On Wednesday 2nd September, Ian Anderson – founder member of prog-rock band Jethro Tull – went to St Bartholomew’s Church in Lower Basildon, near Pangbourne, to visit a memorial of the band’s namesake, who is buried at the church.
18th century agriculturalist Jethro Tull is celebrated as the father of modern farming, and is famous for perfecting the horse drawn seed drill in 1701. Tull is the subject of Ian Anderson’s new project, Jethro Tull: A Rock Opera, that features songs from the band’s back catalogue, reimagining the agriculturist’s life in the near future.
St Bartholomew’s Church is cared for by The Churches Conservation Trust, the national charity protecting historic churches at risk.
Prior to Anderson’s visit, Crispin Truman, Chief Executive of The Churches Conservation Trust, explained:
‘Each of the 347 churches that The Churches Conservation Trust cares for has their own story to tell. I’m delighted to welcome Ian Anderson to 700 year old St Bartholomew’s where Jethro Tull – who revolutionised modern agriculture – is commemorated. Personally I’m also a bit of a fan of ‘the Tull’ so can’t wait to share this and other stories with Ian!’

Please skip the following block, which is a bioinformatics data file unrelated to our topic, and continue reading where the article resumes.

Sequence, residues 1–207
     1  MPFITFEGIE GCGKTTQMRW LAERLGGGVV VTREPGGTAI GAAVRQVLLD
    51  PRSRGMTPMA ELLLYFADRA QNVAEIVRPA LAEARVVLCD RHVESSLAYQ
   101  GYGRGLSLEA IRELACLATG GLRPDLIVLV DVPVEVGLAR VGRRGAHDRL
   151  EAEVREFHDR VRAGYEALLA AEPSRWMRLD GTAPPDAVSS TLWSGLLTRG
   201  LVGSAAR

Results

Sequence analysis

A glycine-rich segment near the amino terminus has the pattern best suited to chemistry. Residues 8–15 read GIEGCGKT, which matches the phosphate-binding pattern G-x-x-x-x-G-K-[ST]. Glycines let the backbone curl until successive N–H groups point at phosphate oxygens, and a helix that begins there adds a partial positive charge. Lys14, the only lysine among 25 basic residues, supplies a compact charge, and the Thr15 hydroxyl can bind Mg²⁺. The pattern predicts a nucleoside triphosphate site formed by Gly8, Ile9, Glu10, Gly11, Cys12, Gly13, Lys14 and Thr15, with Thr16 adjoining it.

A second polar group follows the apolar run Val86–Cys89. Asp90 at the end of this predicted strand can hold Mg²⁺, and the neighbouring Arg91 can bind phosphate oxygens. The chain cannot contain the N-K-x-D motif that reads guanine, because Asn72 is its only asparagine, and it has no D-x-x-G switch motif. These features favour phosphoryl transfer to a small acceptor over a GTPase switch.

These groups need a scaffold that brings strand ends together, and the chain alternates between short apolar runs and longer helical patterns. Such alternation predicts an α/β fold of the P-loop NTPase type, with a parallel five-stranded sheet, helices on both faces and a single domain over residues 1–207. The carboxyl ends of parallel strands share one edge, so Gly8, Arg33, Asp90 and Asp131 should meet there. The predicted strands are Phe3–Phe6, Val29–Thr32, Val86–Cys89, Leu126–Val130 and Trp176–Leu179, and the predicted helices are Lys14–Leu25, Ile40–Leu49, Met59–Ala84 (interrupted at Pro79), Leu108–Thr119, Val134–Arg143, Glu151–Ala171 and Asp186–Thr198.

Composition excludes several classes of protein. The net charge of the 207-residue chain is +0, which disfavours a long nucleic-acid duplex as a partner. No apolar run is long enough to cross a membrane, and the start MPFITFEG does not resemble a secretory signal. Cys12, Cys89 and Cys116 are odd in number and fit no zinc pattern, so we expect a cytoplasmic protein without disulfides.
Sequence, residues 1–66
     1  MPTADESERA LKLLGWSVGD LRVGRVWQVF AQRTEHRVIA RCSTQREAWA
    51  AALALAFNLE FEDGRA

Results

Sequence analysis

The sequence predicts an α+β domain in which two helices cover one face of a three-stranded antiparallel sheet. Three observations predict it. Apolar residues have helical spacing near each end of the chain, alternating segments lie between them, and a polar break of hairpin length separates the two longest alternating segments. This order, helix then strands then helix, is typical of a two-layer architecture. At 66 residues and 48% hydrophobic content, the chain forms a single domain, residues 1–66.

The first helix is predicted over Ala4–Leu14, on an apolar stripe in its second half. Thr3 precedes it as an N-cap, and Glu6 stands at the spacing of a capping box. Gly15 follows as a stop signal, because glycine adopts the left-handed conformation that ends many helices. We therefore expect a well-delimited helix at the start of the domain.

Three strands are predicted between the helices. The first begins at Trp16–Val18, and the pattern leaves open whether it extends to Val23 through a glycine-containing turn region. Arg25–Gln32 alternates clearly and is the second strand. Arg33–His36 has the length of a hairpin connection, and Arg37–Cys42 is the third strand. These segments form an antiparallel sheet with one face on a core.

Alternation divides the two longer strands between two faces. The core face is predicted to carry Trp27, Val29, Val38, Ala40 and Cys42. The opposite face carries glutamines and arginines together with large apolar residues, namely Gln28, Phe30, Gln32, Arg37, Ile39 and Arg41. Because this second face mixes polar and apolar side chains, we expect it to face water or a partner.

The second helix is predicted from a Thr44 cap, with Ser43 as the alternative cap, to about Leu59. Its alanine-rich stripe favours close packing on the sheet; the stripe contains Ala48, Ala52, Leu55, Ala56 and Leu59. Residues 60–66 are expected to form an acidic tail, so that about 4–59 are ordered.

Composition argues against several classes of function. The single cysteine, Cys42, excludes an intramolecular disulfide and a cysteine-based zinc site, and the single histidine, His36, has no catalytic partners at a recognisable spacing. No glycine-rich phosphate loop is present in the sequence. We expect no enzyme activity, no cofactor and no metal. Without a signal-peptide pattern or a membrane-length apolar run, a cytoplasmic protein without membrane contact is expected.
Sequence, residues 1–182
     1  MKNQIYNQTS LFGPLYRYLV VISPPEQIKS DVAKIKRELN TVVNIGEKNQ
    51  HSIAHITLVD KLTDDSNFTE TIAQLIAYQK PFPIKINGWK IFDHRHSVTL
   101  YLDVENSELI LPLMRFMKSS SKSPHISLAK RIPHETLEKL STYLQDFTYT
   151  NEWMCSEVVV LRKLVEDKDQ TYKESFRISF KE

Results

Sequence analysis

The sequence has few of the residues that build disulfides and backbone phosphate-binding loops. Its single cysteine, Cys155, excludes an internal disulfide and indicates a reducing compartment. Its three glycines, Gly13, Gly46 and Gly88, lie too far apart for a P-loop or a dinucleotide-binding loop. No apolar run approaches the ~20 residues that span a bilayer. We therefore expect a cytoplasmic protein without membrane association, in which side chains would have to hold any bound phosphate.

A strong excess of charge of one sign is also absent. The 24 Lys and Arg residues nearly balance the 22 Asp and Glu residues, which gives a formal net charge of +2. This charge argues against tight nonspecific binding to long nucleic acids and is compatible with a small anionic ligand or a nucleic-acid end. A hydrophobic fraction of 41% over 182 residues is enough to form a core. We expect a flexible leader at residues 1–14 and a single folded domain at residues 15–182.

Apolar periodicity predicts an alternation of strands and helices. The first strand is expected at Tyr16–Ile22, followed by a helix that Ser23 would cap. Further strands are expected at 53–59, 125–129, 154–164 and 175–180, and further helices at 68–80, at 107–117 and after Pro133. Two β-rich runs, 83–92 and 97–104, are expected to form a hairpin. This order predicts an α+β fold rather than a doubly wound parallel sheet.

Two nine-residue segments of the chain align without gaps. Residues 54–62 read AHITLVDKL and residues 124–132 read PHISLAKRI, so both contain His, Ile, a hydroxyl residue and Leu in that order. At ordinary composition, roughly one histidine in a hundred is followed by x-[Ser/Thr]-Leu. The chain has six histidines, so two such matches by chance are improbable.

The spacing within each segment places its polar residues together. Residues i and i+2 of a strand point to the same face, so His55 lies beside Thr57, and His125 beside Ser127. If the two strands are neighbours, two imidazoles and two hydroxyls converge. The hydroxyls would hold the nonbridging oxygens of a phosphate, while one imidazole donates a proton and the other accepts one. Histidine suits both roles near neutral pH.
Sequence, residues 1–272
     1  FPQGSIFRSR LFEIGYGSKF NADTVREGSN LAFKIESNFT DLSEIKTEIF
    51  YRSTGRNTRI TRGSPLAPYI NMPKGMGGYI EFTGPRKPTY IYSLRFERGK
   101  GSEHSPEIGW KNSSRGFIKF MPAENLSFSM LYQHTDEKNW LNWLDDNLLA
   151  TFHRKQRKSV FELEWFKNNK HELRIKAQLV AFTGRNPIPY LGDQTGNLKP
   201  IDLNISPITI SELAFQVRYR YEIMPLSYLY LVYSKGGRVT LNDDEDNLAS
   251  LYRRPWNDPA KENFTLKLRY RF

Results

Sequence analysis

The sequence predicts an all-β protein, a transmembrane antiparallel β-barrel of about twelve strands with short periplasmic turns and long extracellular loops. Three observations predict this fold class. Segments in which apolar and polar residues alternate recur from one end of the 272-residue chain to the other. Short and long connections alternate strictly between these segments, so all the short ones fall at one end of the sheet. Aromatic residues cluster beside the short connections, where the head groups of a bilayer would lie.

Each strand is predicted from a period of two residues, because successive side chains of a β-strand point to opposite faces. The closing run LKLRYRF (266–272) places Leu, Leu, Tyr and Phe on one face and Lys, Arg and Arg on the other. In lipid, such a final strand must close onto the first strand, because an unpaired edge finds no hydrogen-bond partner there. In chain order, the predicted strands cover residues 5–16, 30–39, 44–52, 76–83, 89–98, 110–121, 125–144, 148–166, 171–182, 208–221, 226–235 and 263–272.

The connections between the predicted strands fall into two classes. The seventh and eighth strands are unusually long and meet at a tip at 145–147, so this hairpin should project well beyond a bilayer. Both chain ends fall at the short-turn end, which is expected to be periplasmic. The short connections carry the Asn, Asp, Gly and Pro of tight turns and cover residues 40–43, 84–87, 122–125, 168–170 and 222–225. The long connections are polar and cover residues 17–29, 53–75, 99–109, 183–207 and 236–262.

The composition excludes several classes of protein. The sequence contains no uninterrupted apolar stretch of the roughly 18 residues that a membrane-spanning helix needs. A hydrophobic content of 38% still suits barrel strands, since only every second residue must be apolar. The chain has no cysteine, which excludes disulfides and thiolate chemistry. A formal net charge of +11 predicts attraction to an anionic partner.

Volunteer with The Churches Conservation Trust, Zoe Pike, is currently developing a scheme of interpretation for St Bartholomew’s that will allow visitors to learn more about Tull’s life and his connections with the church and local area. Additional volunteer support is needed in researching, marketing and planning this project. Anyone interested should contact Ed McGregor, The CCT’s Volunteering Officer.
St Bartholomew’s is open to visitors daily between 9am and 5pm. It is a venue for regular community events, including the upcoming Harvest Evensong and Hog Roast on Sunday 4th October at 6pm.
For more about Ian Anderson’s current Jethro Tull: A Rock Opera tour visit RAMzine by clicking here.